Universities are not the solution but the cause of the social problem

(This is a serious-ish piece for QMessenger, QMSU’s weekly newspaper, due to be published next week.)

We students can learn much from Ralph Waldo Emerson – prophet of individualism, self-reliance, the brilliance of man and the folly of the ‘consistent mind’. In these times of education cuts, when we are questioning the value of our individual education, Emerson’s ‘Man Thinking’ – the student that learns to think for him/herself – is surely the goal of higher education: independence, critical awareness, the primacy of argument. The formation of the American university was heavily influenced by his (and Durkheim’s) notion of the professional. “Nature,” Emerson wrote, “arms each man with some faculty which enables him to do easily some feat impossible to any other, and this makes him necessary to society… each is bound to discover what his faculty is, to develop it, and to use it for the benefit of mankind.” This tradition of careerist professionalism dominates our academic landscape as much as it does in the States. Universities are the gateway to the professions. There are few professions that do not require a university education and fewer still are those jobs that can be entered without qualifications of any sort. The problem is not that universities are pulling up the social ladder; it is that our professional culture is dominating our lives and our politics.

The irony of the Left arguing for free university education is that the university is and always has been an expression of class power by and for the middle classes. In the nineteenth century, increased urbanisation and increasing incomes meant professional advice and services became more available and affordable to the middle classes. This demand was stimulated by advances in knowledge and scholarship in the ballooning specialisation of academic fields of interest – in the sciences, in medicine, in law, and so on. This new expertise came to economic fruition via distinct career paths, paths which passed directly through the university. The conditions of modern society mean that we can no longer trust ourselves and our own intuition – we must defer to professionals and are dependent on expert knowledge. This expertise dominates our society and our times, fed by a desire for rational order, self-discipline and self-fulfillment – those staple values of the Victorian middle class. The idea that universities are becoming classist is ludicrous: they always were and still are.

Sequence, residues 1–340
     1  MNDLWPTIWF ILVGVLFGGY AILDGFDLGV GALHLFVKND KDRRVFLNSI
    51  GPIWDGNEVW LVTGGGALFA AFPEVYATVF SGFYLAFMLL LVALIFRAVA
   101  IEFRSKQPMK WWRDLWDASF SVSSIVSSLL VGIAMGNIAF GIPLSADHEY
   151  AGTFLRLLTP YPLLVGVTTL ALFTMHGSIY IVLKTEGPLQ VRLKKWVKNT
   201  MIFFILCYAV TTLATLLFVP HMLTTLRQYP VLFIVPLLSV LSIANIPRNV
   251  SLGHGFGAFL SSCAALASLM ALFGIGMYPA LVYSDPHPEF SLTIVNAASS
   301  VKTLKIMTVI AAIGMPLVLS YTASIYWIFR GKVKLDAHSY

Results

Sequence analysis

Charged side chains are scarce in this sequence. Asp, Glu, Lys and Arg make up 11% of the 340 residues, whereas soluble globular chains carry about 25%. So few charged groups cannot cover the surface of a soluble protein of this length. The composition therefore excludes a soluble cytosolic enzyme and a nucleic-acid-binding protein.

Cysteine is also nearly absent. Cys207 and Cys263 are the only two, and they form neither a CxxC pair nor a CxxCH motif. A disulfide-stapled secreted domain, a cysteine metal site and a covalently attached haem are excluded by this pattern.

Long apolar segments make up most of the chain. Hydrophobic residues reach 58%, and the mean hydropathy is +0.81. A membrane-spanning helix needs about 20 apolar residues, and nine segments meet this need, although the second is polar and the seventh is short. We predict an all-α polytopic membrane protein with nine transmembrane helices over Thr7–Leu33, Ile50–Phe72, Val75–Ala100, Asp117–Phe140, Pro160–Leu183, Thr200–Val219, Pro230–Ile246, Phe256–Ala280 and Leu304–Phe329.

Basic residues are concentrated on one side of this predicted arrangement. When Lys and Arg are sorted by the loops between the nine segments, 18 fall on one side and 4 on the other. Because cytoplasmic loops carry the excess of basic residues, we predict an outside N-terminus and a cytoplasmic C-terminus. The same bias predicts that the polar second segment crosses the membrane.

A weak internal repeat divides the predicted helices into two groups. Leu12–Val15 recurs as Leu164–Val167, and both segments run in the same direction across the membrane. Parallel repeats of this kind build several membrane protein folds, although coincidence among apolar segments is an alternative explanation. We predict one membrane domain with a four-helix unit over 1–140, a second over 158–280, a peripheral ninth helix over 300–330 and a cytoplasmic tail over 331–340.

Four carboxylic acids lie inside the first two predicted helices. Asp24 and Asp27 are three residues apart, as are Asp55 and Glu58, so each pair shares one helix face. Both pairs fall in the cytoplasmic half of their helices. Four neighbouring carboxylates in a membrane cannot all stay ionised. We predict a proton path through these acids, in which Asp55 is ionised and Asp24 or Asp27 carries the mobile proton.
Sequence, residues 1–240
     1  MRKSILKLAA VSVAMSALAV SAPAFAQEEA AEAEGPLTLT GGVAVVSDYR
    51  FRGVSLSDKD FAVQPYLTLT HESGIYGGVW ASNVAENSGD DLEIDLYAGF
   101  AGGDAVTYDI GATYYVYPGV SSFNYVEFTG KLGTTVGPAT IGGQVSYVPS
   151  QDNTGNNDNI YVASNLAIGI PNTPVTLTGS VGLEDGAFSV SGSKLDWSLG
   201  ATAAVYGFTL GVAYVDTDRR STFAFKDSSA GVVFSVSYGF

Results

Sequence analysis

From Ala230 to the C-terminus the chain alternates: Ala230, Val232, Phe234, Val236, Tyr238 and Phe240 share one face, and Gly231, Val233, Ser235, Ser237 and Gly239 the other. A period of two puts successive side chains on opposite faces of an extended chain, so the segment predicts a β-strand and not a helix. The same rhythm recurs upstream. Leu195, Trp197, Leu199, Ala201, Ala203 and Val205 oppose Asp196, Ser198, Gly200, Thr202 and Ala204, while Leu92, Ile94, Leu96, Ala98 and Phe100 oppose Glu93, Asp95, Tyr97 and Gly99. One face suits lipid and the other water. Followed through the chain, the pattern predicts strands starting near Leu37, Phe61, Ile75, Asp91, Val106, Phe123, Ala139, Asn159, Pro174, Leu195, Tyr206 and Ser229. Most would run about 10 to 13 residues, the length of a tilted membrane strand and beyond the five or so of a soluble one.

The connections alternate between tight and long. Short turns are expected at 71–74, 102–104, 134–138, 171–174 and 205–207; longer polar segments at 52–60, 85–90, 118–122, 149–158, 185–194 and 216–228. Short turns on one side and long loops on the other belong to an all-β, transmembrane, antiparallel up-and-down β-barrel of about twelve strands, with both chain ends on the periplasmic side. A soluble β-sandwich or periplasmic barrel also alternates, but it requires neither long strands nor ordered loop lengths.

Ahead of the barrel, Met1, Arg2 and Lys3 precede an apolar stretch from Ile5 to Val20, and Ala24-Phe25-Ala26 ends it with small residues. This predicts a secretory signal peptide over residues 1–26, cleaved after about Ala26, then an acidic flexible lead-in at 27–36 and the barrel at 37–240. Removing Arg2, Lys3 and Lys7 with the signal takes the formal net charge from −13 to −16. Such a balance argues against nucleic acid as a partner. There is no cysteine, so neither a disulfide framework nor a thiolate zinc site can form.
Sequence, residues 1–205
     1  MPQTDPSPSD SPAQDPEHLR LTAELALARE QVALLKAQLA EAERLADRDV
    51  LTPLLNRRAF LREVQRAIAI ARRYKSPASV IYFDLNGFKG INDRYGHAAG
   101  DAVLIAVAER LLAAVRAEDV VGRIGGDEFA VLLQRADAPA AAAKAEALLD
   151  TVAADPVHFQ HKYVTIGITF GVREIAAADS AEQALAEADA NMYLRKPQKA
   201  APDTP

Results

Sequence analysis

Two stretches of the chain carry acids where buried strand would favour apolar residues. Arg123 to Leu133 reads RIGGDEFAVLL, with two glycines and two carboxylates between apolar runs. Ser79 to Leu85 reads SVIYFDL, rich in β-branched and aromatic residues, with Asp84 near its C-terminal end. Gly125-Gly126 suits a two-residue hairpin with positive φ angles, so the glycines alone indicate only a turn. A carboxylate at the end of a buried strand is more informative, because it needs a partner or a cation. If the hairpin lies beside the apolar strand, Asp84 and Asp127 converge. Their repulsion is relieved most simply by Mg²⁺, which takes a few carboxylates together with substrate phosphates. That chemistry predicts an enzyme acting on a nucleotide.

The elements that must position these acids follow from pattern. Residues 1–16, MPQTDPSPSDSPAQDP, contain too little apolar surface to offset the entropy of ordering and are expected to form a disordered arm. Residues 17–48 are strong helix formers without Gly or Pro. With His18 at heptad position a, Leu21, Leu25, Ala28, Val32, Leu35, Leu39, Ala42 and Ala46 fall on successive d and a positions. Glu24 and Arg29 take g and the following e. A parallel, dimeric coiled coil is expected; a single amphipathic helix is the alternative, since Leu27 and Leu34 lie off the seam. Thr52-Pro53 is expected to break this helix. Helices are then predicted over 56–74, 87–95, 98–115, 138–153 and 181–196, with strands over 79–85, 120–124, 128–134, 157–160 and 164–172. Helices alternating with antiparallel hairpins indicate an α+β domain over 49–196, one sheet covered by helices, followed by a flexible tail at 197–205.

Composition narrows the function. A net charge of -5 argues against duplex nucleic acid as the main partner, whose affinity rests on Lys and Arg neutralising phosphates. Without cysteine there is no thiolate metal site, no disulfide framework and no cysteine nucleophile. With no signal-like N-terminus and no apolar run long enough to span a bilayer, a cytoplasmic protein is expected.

Sure, we live in a complex society. The Marxist waffle about ‘middle classes’ and ‘working classes’ is too general to stand up to scrutiny, least of all in universities where some students are from poor backgrounds, some from the very richest, and some from that big bit in the middle. Actually, that middle (not Ed Miliband’s “squeezed middle”) is a large order of people who are distinct on the basis that they are neither massively rich nor extremely poor and who are in opposition to both the former and the latter. It is precisely this group from which the university takes its student body and into which its students will graduate. The people that we – the educated professionals – will come to exploit are not the immiserated proletariat, but our clients, that is to say, each other. The problem of the career is the alienation of humans from each other, in opposition to each other, for economic self-interest.

The culture of meritocracy perpetuates a hierarchical society which is wrongly seen to be just so long as it springs out of equality of opportunity. Free education is all very well, but it will not stop social division if we all screw each other when we graduate. As professionals we become cut off from human interests and sympathies and seek meaningless professional rewards, becoming intolerant of all disciplines but our own. As our disciplines are founded on economic gain, we are (as is happening now) all too happy to see the arts being jettisoned for more ‘professional’ subjects and for economic ‘justice’ for the poor. Rousseau and Jefferson both stated that one must choose between cultural achievements and social and political justice. They are (hopefully) both wrong, but we are seeing that battle being fought right now and it will change the university forever.